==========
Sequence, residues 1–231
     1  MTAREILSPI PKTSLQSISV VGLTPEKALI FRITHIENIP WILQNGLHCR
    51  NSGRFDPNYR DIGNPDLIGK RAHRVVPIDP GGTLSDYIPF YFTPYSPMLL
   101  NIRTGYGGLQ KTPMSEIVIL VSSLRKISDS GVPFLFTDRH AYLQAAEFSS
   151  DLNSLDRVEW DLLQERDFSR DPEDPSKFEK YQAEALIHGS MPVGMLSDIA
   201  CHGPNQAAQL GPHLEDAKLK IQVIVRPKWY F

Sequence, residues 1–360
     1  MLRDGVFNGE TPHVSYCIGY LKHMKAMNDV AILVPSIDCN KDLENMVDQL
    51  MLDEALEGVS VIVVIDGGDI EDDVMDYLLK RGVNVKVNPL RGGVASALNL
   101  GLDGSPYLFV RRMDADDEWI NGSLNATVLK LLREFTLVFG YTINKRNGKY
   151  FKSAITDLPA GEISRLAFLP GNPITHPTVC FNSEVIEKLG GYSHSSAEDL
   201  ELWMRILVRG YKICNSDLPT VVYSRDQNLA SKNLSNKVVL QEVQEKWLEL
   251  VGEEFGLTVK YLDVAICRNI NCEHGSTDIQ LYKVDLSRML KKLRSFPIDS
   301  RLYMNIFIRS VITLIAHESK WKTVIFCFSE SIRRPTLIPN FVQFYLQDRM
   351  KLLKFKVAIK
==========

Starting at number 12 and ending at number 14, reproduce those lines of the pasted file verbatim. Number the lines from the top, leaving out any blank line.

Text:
   201  ELWMRILVRG YKICNSDLPT VVYSRDQNLA SKNLSNKVVL QEVQEKWLEL
   251  VGEEFGLTVK YLDVAICRNI NCEHGSTDIQ LYKVDLSRML KKLRSFPIDS
   301  RLYMNIFIRS VITLIAHESK WKTVIFCFSE SIRRPTLIPN FVQFYLQDRM